In Conversation with Kimathi Donkor (Part One)
Kimathi Donkor was born in England. He received his bachelor’s degree in fine art from Goldsmiths College, London, and a master’s degree in fine art from Camberwell College of Arts, London. Internationally acclaimed, his work shows an engagement with social and political issues and an appreciation for historical Black female leaders.
Tell us about your Ghanaian, Anglo-Jewish, and Jamaican family heritage.
From my mother’s side, I have English and Polish-Jewish ancestry, whilst my father was from Ghana. But, in my infancy, I was placed into foster care at first, and then I was raised by my adoptive parents—my Black Jamaican mum and her white British husband, my dad.
You are married to a Nigerian, are widely travelled, and have lived in Zambia and the English West Country. What influences have these varying cultural exposures exerted on your art?
My adopted father was an agricultural vet, so my earliest memories are of farming life near the town of Mazabuka, in Zambia. When I returned to England, my imagination had been stimulated by memories of sugar cane plantations and vast ranches, as well as by Zambia’s cultural riches and the excitement of savannah wildlife. And I’ve long had family connections to Nigeria—my Jamaican-born maternal aunt had married a Nigerian engineer in the 1970s, and, although he is now no longer with us, she still lives in Kogi State. During my teens, I often received gifts of ornate Nigerian clothing from them, which helped stimulate my continued interest in Africa’s proud visual arts heritage.
Perhaps, though, the many sky, land, and seascapes in my paintings reflect my youthful exploration of the hills, beaches, cliffs, and rivers of the English West Country, where I started making small, early landscapes as a student. But, I also think that my artistic interest in the shared history of Africa and Europe stemmed from learning how to navigate the complex social landscape of England as an emerging, post-imperial nation.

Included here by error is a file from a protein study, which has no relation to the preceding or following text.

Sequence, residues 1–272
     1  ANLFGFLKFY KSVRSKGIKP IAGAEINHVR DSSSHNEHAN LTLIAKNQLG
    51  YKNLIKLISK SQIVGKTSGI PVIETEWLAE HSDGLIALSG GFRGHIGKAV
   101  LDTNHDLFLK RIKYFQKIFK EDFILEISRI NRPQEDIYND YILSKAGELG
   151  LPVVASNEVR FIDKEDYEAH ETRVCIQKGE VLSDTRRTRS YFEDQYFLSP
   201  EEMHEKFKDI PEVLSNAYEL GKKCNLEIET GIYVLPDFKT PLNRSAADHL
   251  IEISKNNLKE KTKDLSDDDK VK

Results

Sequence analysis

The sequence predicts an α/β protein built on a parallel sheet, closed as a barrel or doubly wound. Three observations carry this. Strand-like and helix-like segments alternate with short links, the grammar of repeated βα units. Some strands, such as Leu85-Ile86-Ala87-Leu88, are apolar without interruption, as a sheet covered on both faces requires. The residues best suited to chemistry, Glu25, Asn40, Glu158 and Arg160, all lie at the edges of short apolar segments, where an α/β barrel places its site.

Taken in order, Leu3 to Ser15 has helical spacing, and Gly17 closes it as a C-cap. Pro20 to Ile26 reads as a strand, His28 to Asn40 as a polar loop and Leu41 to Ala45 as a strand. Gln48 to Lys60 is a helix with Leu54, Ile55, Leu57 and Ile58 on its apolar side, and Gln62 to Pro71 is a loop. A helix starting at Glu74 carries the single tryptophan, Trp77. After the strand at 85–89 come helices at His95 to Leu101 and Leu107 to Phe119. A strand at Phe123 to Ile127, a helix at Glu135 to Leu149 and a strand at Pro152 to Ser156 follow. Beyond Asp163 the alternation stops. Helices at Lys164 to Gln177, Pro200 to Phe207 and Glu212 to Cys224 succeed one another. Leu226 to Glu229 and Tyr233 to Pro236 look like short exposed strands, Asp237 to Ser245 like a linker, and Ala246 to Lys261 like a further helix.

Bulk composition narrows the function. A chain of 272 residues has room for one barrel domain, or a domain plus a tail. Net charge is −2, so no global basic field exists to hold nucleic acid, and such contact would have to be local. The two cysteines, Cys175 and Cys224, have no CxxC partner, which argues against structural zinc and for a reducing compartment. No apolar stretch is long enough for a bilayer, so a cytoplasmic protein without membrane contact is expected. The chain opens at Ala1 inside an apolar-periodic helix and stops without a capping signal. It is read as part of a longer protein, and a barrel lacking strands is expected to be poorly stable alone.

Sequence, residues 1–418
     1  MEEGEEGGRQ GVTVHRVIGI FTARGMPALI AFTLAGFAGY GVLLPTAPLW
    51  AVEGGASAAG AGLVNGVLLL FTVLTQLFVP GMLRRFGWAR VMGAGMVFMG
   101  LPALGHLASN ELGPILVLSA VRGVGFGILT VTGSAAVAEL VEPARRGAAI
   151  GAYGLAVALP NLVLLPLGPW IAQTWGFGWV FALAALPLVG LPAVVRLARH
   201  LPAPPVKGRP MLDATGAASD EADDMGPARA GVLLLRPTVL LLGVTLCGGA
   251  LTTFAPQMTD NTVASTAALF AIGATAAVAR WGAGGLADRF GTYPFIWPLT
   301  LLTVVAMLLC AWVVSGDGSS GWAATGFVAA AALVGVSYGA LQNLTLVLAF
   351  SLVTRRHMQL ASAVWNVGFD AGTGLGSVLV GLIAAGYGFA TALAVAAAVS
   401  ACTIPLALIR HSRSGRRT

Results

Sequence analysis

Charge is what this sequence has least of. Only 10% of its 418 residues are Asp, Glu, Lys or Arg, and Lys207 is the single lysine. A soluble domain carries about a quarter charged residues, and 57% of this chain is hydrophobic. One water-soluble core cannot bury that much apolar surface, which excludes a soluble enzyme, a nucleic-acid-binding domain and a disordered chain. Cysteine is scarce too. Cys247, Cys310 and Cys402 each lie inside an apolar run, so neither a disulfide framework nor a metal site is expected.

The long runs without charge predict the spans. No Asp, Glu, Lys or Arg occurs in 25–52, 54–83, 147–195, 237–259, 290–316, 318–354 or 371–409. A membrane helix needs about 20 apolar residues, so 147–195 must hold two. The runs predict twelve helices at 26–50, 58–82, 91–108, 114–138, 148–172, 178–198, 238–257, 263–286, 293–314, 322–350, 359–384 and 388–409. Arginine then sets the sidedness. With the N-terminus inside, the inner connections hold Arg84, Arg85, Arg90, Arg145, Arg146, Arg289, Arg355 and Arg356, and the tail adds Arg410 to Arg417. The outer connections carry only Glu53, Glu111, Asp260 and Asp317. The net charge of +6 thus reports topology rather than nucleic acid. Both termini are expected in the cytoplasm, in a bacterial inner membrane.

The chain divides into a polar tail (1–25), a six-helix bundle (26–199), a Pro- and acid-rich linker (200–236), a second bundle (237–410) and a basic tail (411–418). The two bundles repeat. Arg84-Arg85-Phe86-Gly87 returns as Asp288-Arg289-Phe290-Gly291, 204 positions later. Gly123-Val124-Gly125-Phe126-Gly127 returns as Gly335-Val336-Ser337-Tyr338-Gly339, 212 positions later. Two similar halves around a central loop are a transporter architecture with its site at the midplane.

My wife’s parents are Nigerian, but she was born and raised in the UK. Visiting her family in Lagos (a wonderfully hospitable, Igbo/Yoruba, Catholic/Muslim mix) has been brilliant. We are both inquisitive travellers, and my journeys through countries like Cuba, Jamaica, and Ghana have been influenced greatly by my artistic interests and have also informed them. So, my 2012 painting Yaa Asantewaa Inspecting the Dispositions at Ejisu used studies that I made whilst in Ghana. And the reclining figure in La Nueva Cuba (2007) was from a series of photographic life studies, which I made in Holguin Province, Cuba. On the other hand, the facade in my 2005 work Coldharbour Lane, 1985 is based on a prominent building in Brixton, London.
Your work shows an engagement with social and political issues, including the racist abuse of minorities in Britain. How early did you take an active interest in politics, and when did you first reflect this in your paintings?
My 2005 painting Helping with Enquiries: 1984 recalled a violent incident which I experienced whilst unjustly detained in police custody when I was a young art student. During the period referred to in the painting’s title (1984), the art campus of Goldsmiths College, where I was enrolled in the fine art degree course, was close to Brixton, an area of London with a large African and Afro-Caribbean population. Many in the Black communities regarded the (almost entirely white) Metropolitan Police as an overtly racist institution, which was manifested through patterns of oppressive, discriminatory behaviour towards young, Black men. This had led to civil disturbances in 1981.